I also whipped up a quick orange marmalade that goes with the crescent rolls beautifully. If you have a couple of oranges on hand, you can have it ready when the hot rolls come out of the oven!

Quick and Easy Orange Marmalade
  • 2 navel oranges, organic
  • 2 tablespoons water
  • 2 tablespoons fresh orange zest
  • ½ tablespoon fresh lemon zest
  • ¾ cups sugar
  • 1 tablespoon orange liqueur (optional)
Method:
  1. Zest the oranges and set 2 tablespoons of zest aside.
  2. Process the oranges in a food processor fitted with an S-blade. Place the orange mixture into a pan. Add all the other ingredients, bring to a boil, and cook, stirring constantly, for about 15 minutes, until the marmalade is thick to your liking.
  3. Place into a clean jar and store in the refrigerator.

lupacky cut open

Strawberry Rhubarb Pie

I grew up on fairytales and still love reading them to this day. There is something very soothing in the predictable dynamic of the struggle between good and evil and in knowing that everything will work out in the end – the evil will be conquered and the brave heroes will live happily ever after.

There is this old Slavic tale about a wicked stepmother and her ugly daughter, who wanted to get rid of their beautiful and kind stepdaughter and stepsister, and so they sent her out in the middle of hard winter to bring them violets and fresh strawberries. They were sure she would perish under the snow somewhere, but being the good soul that she was, wandering in the woods she bumped into twelve strange men, who turned out to be twelve months of the year personified, and who helped her to accomplish her task. They thawed the snow on that little clearing, and she was able to pick the berries and flowers the old hag and her daughter back home sent her for.

I often think of this tale when I’m walking through the produce section of a supermarket in January. No, I don’t have to wade through deep snow, that’s true. We don’t do snow around here, just five solid months of rain and gloomy skies. But all I want at that moment is some fresh fruit to brighten my day (I can even do vithout the violets!), and the only thing I see around are heaps of boring potatoes, wilted carrots and rutabagas, with maybe some sad bruised apple here and there. What I wouldn’t do to meet some handsome fella, who’d turn out to be Mr. May, and hand me a pint of juicy strawberries right then!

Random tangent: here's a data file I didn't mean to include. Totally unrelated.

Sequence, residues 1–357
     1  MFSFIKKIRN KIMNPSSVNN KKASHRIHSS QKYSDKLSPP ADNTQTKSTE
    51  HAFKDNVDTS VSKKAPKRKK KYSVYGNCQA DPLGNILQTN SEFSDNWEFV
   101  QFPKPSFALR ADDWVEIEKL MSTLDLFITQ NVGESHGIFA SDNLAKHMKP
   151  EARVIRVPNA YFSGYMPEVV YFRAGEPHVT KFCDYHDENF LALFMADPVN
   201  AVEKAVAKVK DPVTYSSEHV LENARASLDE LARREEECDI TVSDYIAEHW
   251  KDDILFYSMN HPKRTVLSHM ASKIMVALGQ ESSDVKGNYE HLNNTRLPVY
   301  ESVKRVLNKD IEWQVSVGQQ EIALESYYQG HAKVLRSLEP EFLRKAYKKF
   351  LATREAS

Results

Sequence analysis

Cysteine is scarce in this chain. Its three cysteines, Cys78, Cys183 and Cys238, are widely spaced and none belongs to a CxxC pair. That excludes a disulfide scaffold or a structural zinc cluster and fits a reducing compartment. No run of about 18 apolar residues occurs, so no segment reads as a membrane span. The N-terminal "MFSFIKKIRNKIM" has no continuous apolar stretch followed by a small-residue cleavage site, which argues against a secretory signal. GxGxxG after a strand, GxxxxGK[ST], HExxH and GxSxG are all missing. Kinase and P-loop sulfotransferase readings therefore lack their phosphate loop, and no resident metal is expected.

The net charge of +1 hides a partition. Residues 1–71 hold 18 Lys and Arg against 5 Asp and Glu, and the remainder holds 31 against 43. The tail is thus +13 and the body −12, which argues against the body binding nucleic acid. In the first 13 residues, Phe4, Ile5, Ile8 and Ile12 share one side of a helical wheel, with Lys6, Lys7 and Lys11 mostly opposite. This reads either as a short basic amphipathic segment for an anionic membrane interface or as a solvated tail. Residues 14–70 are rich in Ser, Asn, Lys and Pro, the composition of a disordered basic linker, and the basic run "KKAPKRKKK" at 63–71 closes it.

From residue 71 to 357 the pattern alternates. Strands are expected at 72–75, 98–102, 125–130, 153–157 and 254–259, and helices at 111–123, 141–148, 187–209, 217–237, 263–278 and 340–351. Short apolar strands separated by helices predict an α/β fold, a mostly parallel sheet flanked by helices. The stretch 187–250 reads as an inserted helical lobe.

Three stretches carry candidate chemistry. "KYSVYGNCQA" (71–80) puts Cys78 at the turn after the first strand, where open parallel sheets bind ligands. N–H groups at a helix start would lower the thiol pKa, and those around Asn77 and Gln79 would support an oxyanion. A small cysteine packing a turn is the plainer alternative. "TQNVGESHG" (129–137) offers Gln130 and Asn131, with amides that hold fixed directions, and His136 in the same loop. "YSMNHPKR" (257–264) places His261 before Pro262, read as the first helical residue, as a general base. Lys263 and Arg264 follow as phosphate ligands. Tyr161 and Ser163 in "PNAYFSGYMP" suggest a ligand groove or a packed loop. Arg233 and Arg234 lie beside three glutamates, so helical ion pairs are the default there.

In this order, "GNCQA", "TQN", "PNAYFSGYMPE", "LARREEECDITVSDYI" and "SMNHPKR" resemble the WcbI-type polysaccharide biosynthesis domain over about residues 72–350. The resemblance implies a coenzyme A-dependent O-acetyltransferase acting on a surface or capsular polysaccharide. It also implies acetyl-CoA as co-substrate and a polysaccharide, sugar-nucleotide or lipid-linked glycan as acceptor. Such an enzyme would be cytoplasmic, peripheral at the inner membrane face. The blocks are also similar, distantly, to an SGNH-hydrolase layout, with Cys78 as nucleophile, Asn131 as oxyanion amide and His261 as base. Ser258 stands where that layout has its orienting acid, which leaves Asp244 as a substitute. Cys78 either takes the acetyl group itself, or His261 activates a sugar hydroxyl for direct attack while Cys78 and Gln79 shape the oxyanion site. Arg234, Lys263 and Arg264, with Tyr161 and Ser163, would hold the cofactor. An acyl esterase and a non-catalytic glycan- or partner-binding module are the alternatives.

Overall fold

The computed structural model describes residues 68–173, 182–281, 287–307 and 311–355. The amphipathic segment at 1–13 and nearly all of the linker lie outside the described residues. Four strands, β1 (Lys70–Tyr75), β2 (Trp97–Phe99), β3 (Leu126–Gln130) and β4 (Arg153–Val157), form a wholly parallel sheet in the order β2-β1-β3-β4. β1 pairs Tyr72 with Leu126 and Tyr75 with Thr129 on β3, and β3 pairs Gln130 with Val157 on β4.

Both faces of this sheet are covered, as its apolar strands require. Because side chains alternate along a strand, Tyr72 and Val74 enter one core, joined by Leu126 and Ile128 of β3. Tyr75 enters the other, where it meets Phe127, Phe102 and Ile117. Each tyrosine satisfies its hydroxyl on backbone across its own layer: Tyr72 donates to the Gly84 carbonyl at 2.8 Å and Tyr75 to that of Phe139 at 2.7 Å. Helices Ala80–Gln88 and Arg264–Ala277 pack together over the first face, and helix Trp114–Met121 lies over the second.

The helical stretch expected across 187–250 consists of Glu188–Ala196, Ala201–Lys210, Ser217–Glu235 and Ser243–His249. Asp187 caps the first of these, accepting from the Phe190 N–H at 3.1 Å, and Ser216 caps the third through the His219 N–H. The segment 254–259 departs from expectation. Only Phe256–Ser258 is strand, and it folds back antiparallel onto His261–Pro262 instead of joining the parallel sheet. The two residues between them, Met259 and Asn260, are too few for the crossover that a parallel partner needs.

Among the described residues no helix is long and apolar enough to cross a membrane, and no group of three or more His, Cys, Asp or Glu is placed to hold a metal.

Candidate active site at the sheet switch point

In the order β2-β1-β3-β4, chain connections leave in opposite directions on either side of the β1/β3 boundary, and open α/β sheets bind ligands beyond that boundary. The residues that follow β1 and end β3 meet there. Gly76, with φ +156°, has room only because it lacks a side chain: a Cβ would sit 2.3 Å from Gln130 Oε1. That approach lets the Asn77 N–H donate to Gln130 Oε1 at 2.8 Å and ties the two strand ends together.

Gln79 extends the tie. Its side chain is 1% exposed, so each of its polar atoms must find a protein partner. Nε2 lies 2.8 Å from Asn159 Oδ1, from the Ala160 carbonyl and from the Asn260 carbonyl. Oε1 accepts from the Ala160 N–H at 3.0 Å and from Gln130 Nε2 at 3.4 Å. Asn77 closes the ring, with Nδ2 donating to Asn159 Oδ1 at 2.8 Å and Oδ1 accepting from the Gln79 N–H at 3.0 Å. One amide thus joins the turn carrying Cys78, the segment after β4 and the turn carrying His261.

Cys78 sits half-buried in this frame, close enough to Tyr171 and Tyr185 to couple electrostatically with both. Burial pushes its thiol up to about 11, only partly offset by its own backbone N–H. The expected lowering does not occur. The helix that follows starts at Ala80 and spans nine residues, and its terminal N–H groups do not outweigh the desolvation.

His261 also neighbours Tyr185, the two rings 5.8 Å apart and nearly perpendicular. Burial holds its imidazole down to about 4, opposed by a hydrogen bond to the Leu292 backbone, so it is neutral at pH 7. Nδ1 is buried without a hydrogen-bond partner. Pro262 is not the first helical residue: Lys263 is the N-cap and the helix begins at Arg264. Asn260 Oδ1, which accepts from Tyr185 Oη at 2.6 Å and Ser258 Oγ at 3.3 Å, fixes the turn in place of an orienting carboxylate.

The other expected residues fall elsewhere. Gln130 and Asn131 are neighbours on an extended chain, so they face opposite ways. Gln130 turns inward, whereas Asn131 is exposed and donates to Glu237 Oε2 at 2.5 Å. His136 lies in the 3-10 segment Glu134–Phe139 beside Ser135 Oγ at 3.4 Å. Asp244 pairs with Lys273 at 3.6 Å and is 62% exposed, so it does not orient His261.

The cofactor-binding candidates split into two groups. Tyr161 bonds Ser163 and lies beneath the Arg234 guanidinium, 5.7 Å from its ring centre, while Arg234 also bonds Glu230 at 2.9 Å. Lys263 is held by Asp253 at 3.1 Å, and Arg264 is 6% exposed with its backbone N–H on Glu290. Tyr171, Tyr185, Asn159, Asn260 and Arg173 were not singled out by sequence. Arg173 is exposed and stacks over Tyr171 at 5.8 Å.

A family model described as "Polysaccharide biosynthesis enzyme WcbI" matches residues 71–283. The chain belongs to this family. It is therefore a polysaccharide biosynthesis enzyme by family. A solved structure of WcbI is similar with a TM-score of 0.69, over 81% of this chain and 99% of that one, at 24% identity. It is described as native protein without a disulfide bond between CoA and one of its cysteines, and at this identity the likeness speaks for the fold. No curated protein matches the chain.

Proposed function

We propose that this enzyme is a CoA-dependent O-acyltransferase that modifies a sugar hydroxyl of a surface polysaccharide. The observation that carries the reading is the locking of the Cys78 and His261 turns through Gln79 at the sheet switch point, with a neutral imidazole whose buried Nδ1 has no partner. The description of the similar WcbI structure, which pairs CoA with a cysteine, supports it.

But the time is coming, folks. Spring is in the air, as my stuffed-up sinuses are telling me! The watery, pale and sickly-looking berries from the supermarket will soon be a thing of the past, and we’ll be back at the farmers’ markets, picking up only the plumpest and most fragrant fruit for our cakes and pies. I just couldn’t hold off any longer, so today I’m offering you a little teaser. This is what your spring desserts will look like. Sweet, tender, moist and delicious. (Maybe you’ll be able to resist and won’t put as much filling in as I did, in which case your pie will be beautiful, too, and won’t crack as mine did. But honestly, I’m not one bit sorry. More cinnamon scented berry goodness!) Close your eyes and have a bite. I guarantee you’ll think you’re in a fairytale. And since we’re dreaming… who knows, maybe even Mr. May will show up 🙂

 Strawbery Rhubarb Pie

Strawberry Rhubarb Pie

Pie dough (makes two 9-inch pie crusts):
  •  3 cups (390 g) all-purpose flour, sifted
  • pinch of salt
  • ½ tablespoon sugar
  • 12 tablespoons (1 ½ sticks) cold unsalted butter, diced